Vendors at Bangkok shrine condemned for overcharging Chinese tourists

Thai netizens condemned vendors selling religious offerings to foreign tourists at extortionate prices outside the famous Erawan Shrine in Bangkok after a video went viral on social media of a vendor charging Chinese tourists over 10,000 baht for an offering set.

Erawan Shrine is one of the most popular religious sites in the capital city. Formally known as the Thao Maha Phrom Shrine, the shrine houses a statue of Phra Phrom, the Thai representation of Brahma, the Hindu god of creation. The name might also refer to Mahabrahma, the ruler of the Brahma realm in Asian mythology. It is located in Bangkok city centre at Ratchaprasong Intersection, near the CentralWorld shopping mall.

Tourists, particularly Chinese, visit the shrine to pray and make wishes, then return to make offerings after their desires are fulfilled.

Offerings for Brahma, including flowers, elephant statues, food, and performances by Thai dancers, can be purchased both inside and outside the shrine.

Locals know the high cost of offerings outside the shrine and prefer to bring offerings from home. A video showing the high cost of offerings at the shrine was circulated on social media but deleted to protect Thai tourism’s image. The video showed a set of offerings sold to Chinese tourists for over 10,000 baht.

Channel 3 went to interview the vendor who was featured in the video. The seller said…

“I’m worried after seeing the video on social media. I remembered that a group of seven to eight Chinese customers. They came with a Thai tour guide. They came to offer sacrifices and bought many types of offerings. They bought a lot, so the price reached 10,000 baht.”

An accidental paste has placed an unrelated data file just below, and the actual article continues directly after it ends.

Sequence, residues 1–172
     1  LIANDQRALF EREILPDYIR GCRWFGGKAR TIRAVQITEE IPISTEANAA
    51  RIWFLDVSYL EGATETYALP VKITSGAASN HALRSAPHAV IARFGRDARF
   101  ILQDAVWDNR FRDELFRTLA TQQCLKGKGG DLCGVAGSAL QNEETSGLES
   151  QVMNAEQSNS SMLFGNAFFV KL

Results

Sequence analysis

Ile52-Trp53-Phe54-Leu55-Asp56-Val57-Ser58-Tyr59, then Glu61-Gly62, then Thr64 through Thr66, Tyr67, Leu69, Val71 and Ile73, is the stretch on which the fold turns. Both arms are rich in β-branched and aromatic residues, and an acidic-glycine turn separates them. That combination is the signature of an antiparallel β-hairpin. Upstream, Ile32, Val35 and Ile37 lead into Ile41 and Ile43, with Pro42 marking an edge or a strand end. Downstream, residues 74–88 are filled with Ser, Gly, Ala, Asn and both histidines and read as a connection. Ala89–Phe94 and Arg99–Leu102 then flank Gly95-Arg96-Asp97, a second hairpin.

The seller claimed to have sets for sale ranging from 100 to 1,200 baht each and stated that customers can choose any set they prefer.

The seller reported operating the shop for 30 years and stated that she never coerced customers to buy offerings.

As reported, the group bought two sets at 1,200 baht each, two sets at 900 baht each, two sets at 600 baht each, and 16 birds at 500 baht each, totalling 13,400 baht.

Channel 3 reported that offerings inside the shrine were cheaper, nearly 50% lower than those outside. However, some foreign tourists were unaware of the price difference and purchased offerings outside the shrine.

Yesterday, the deputy commander of the Tourist Police Thailand, Apichart Suribanya, told the media that it’s normal for shops outside the shrine to sell more expensive offerings.

Apichart stated that the police had warned sellers to clearly state prices and threatened legal action for overcharging. No complaints have been made about overpriced offerings after the police’s warning.

Offering shops outside Erawan Shrine
Offering shops outside Erawan Shrine | Photo by drburtoni via Flickr

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Petch Petpailin

Petpailin, or Petch, is a Thai translator and writer for The Thaiger focusing on Thai news and what's happening in Thailand. She is a news writer who stops reading news on the weekends to spend more time cafe hopping and petting dwarf shrimp.